Wine and spirits may be purchased from supermarkets, or from specialised stores such as the Nicolas chain. Nicolas offers good advice on what to buy (specify the kind of wine and the price range you desire). In general, only French wines are available unless a foreign wine is a "speciality" with no equivalent in France (such as port), and they are classified by region of origin, not by grape.

Etiquette-wise, you shouldn't drink alcoholic beverages (especially red wine or strong alcohol such as cognac) directly from a 70 cl bottle. Such behaviour is generally associated with drunkards (though if you are surrounded by college students, you may be OK). Drinking beer from a 25 to 50cl can or bottle is OK.

Prices of food and beverages will vary on whether they're served to you at the bar or sitting at a table - the same cup of espresso might cost €0.50 more if served at a table than at the bar, and €0.50 more again if served out on the terrace. Really, you're not paying so much for the beverage as for the table spot. Do consider the bar, though - while you will have to stand, café bars are often where a great deal of public discourse and interaction happens. In any event, cafés are required by law to post their prices somewhere in the establishment, usually either in the window or on the wall by the bar.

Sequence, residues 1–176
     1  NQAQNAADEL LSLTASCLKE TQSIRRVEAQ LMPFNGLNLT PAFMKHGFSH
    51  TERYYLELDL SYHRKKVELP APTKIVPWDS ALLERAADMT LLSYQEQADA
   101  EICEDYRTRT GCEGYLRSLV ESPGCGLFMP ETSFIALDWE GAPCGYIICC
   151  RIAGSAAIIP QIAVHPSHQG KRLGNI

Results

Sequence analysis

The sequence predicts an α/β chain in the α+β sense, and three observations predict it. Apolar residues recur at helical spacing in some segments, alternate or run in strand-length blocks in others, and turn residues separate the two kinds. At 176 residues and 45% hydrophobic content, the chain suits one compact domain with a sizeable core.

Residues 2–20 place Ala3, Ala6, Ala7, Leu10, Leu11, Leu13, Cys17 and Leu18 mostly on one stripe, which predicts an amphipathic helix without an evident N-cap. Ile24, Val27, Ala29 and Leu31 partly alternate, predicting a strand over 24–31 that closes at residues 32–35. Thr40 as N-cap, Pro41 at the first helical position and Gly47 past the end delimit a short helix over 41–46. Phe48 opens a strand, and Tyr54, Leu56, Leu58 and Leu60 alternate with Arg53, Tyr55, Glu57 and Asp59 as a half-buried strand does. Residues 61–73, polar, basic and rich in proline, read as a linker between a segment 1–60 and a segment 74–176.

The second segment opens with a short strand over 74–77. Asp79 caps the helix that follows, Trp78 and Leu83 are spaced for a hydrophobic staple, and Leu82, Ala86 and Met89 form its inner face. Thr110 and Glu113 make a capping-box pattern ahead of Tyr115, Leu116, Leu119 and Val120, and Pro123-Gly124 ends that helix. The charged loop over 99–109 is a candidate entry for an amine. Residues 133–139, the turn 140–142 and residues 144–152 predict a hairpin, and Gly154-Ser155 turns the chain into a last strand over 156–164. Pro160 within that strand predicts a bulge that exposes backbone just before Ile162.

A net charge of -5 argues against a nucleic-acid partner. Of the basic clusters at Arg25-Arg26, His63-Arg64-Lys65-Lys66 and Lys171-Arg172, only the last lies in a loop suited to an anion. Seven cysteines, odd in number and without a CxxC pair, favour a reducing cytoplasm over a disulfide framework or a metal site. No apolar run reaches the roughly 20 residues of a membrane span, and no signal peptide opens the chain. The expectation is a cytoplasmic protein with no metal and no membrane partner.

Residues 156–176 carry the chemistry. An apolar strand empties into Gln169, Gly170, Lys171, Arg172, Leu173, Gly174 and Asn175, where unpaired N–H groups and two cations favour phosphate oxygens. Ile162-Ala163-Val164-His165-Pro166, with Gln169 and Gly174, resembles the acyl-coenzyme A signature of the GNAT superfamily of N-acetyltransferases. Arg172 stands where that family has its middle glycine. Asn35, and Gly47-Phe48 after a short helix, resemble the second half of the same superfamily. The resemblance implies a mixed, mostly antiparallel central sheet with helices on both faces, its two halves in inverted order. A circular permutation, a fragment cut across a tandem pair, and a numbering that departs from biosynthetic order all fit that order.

There are a couple of mixed drinks which seem to be more or less unique to France, and nearby francophone countries.

  • Panaché is a mix of beer and lemonade, basically a beer shandy.
  • Monaco is a Panaché with some grenadine syrup added.
  • Kir is a pleasant aperitif of white wine (in theory, Bourgogne Aligoté) or, less frequently, of champagne (then named kir royal and about twice the price of regular kir) and cassis (blackcurrant liqueur), or peche (peach), or mûre (blackberry).
  • Pastis is an anise-based (licorice-flavored) spirit, similar in taste to Sambuca or Ouzo, that is served with a few lumps of sugar and a small pitcher of cold water to dilute the liquor. It is traditionally enjoyed on very hot days, and as such is more popular in the south of the country but available more or less everywhere.

There is a variety of bottled water, including:

  • Évian, Thonon, Contrex, Volvic: mineral water
  • Perrier: fizzy water
  • Badoit: slightly fizzy and salty water.